Mary Siegfried is a freelance writer based in Chandler, Arizona.
June 2007, Inside Supply Management® Vol. 18, No. 6, page 32
Johnson & Johnson took several proactive steps to manage consulting spend.
Companies spend millions of dollars every year on consultants who provide a variety of services to their organizations in an alliance that is very relationship-driven. Because of the unique relationship between consultant and business client, procurement traditionally has not made inroads into the consulting services spend category.
Procurement executives at Johnson & Johnson knew that consulting services was one of the larger spends for the New Jersey-based company and its more than 200 operating companies worldwide. They viewed this fact as an "untapped opportunity." An initiative was launched in March 2005 to start making inroads into the consulting spend in North America. The Johnson & Johnson Consulting Sourcing Team has received the 2007 R. Gene Richter Award for Leadership and Innovation in Supply Management in the Process category.
A team of 30 leaders from the Johnson & Johnson Family of Companies in North America came together to help the organization "work smarter." The teams included members from procurement, finance, legal, internal audit and the business partners who used consultants. Three sub-teams were established to delve deeper into the consulting spend category and to define processes and practices to help manage the category.
The sub-teams included:
Veronica Manuel, manager of strategic sourcing at Ethicon Endo-Surgery, Inc., a Johnson & Johnson affiliate company, followed the process excellence discipline. She says the first step the procurement organization took was "to more clearly define and then rigorously measure and analyze the data to determine how much was truly being spent on consulting." Manuel says that from the outset, the procurement organization realized the need to improve spend visibility. One reason visibility was poor, Manuel says, was that the method used to assign codes to consulting spend was inconsistent, and there were no clear definitions regarding which codes should be assigned for various types of consultants. The scenario often went like this: A Johnson & Johnson business partner needing a consultant would create a requisition. The next question that came up was, "What are you buying?" The customer would say, "Management services."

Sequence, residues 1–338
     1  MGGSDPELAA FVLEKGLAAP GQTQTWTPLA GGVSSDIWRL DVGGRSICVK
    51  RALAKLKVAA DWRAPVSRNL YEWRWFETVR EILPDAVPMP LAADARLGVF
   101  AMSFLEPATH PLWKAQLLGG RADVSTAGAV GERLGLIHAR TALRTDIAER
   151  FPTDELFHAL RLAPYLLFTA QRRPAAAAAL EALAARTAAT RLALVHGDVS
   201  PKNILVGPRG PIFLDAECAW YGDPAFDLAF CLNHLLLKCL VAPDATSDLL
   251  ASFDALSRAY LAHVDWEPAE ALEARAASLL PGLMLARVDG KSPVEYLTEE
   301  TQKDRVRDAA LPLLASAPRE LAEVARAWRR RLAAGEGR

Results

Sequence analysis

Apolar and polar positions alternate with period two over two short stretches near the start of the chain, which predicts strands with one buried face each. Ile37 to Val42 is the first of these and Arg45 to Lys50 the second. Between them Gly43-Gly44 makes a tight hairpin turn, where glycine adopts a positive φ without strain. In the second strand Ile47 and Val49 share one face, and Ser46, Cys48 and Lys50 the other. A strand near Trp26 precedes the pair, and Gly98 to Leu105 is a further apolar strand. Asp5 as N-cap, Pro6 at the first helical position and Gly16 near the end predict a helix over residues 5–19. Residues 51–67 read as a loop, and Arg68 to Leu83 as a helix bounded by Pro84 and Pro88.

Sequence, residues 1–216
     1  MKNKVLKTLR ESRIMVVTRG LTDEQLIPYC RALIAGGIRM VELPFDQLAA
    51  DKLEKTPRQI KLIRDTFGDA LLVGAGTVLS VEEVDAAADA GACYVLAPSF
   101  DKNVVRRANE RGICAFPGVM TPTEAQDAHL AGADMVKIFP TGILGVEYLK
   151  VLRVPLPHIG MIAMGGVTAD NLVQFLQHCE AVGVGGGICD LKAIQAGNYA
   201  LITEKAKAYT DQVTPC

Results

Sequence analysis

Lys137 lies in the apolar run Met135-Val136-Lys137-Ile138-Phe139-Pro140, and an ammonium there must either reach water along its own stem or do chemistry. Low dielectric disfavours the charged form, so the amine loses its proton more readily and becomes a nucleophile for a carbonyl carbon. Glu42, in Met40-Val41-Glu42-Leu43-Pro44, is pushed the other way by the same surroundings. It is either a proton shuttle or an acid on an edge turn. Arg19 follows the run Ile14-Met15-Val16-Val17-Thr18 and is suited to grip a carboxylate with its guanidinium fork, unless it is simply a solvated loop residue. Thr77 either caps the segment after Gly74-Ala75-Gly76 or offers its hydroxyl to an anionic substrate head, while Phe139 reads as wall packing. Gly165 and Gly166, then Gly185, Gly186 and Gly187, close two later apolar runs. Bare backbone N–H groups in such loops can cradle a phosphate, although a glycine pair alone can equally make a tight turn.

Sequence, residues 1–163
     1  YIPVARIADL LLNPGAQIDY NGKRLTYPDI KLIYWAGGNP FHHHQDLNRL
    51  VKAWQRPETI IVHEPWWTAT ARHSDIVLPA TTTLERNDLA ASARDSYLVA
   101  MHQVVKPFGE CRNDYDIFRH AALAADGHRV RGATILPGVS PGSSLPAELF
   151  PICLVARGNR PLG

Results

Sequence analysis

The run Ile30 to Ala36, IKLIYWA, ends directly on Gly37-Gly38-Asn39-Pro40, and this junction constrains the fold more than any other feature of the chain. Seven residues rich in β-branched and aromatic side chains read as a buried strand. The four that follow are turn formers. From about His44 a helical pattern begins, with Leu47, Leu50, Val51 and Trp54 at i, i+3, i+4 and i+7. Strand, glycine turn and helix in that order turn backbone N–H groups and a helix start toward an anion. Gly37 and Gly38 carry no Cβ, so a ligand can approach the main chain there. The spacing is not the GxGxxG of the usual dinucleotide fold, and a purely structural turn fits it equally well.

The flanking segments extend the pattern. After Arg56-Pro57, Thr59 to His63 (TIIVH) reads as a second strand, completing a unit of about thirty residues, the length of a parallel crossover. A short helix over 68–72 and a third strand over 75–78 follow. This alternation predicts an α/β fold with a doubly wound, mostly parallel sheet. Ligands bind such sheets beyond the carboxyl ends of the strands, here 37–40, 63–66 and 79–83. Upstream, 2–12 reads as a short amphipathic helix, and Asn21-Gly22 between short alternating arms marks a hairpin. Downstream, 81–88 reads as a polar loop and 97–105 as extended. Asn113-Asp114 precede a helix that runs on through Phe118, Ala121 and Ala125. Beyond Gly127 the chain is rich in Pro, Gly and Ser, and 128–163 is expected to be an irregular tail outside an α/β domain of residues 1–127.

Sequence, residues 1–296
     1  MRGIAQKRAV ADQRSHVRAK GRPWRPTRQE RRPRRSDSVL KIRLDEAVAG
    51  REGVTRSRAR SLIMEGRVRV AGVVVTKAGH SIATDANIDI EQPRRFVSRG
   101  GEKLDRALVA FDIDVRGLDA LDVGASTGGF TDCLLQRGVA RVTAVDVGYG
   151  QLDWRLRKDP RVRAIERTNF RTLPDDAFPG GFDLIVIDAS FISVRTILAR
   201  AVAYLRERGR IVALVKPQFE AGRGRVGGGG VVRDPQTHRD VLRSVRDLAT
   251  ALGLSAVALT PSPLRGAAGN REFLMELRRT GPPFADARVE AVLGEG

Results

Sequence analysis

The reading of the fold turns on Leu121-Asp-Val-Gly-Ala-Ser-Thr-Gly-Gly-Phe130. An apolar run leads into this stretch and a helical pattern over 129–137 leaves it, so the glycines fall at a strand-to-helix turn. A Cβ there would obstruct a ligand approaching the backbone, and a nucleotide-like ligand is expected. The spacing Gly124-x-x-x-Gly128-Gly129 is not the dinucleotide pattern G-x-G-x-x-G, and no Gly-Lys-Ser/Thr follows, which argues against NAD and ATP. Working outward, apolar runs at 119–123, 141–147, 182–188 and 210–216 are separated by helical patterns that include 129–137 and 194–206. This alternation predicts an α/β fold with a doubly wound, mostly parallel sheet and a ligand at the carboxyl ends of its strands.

"So lo and behold, when we did an analysis, 75 percent of the money thrown in the bucket was for management services," Manuel says. "We realized that we really needed to understand what consulting services we were buying."
She explains that the Find-It Sub-Team took "deep dives" into thousands of requisitions for consulting services to get a sense of what the internal customer was buying. That process resulted in a new list of 22 defined UNSPSC consulting commodity codes to replace the existing four codes.
As spend visibility came into sharper focus, Andrea Grable, worldwide director, category leader of consulting, temporary labor and professional services, says the Get-It Sub-Team handled such challenges as creating a checklist for competitive bidding, defining how the company interacts with process partners, developing a lean sourcing toolbox for RFP templates, statements of work (SOWs) and SOW change order templates. The team also created a harmonized competitive bid policy throughout the company's 200 operating companies, and reprogrammed the Ariba Buyer software to standardize measures to monitor bid policy compliance. As a result, procurement has trained on best practices and created an environment of improvement and "lessons learned."
Grable says the team also knew that a key ingredient in making the consulting initiative work was receiving buy-in from the business partners who use consultants. That meant arming procurement professionals with the skills and knowledge needed to gain credibility and trust with senior management and executives.
"Our procurement professionals not only need to have skills for sourcing and contracting, but they have to talk the language of the person they are buying services for," explains Grable. She says an important part of the team's message to internal customers is how to add value to the customer's decision-making process. "Notice I said add value to the customer's decision-making process."
Mark Zaremski, commodity manager at Ortho Clinical Diagnostics, Inc., another Johnson & Johnson affiliate company, says the Keep-It Sub-Team created guidelines to help procurement manage the consulting partnerships, which were being established. According to Zaremski, roles and responsibilities were agreed upon and implemented to encourage ongoing collaboration and communication with key consultancies. Zaremski says that supplier scorecards are being piloted to track performance. Scorecard results are used to facilitate discussions that lead to improved product and service delivery. An "e-room" or "knowledge repository" was created to house best practices, templates, agreements and recently completed projects.
The initiative has:
Grable says some of the lessons learned from tackling this spend category are that structured analysis of a spend category is invaluable when trying to understand the scope of the spend. In addition, she emphasized that strategic relationship-building is a very important component to making inroads with internal clients, and that the marketing and selling of procurement's capabilities is an ongoing process. Next, the team is planning to roll out these best practices globally.
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